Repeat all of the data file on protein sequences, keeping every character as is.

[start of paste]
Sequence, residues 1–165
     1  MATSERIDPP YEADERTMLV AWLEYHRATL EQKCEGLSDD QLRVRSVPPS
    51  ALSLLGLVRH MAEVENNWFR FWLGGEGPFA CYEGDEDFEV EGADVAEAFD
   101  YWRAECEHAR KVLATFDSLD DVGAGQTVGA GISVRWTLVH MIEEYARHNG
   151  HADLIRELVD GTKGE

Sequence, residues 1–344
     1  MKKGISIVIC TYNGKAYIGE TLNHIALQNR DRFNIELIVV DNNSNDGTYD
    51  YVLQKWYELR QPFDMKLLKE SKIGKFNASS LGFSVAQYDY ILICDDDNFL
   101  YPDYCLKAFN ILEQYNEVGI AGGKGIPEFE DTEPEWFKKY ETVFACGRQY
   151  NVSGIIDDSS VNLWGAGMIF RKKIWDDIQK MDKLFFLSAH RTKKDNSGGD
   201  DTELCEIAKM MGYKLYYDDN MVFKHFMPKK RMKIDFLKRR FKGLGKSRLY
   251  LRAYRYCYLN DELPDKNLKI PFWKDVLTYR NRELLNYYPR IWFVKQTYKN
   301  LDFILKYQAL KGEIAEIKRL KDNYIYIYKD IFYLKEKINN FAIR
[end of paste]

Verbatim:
Sequence, residues 1–165
     1  MATSERIDPP YEADERTMLV AWLEYHRATL EQKCEGLSDD QLRVRSVPPS
    51  ALSLLGLVRH MAEVENNWFR FWLGGEGPFA CYEGDEDFEV EGADVAEAFD
   101  YWRAECEHAR KVLATFDSLD DVGAGQTVGA GISVRWTLVH MIEEYARHNG
   151  HADLIRELVD GTKGE

Sequence, residues 1–344
     1  MKKGISIVIC TYNGKAYIGE TLNHIALQNR DRFNIELIVV DNNSNDGTYD
    51  YVLQKWYELR QPFDMKLLKE SKIGKFNASS LGFSVAQYDY ILICDDDNFL
   101  YPDYCLKAFN ILEQYNEVGI AGGKGIPEFE DTEPEWFKKY ETVFACGRQY
   151  NVSGIIDDSS VNLWGAGMIF RKKIWDDIQK MDKLFFLSAH RTKKDNSGGD
   201  DTELCEIAKM MGYKLYYDDN MVFKHFMPKK RMKIDFLKRR FKGLGKSRLY
   251  LRAYRYCYLN DELPDKNLKI PFWKDVLTYR NRELLNYYPR IWFVKQTYKN
   301  LDFILKYQAL KGEIAEIKRL KDNYIYIYKD IFYLKEKINN FAIR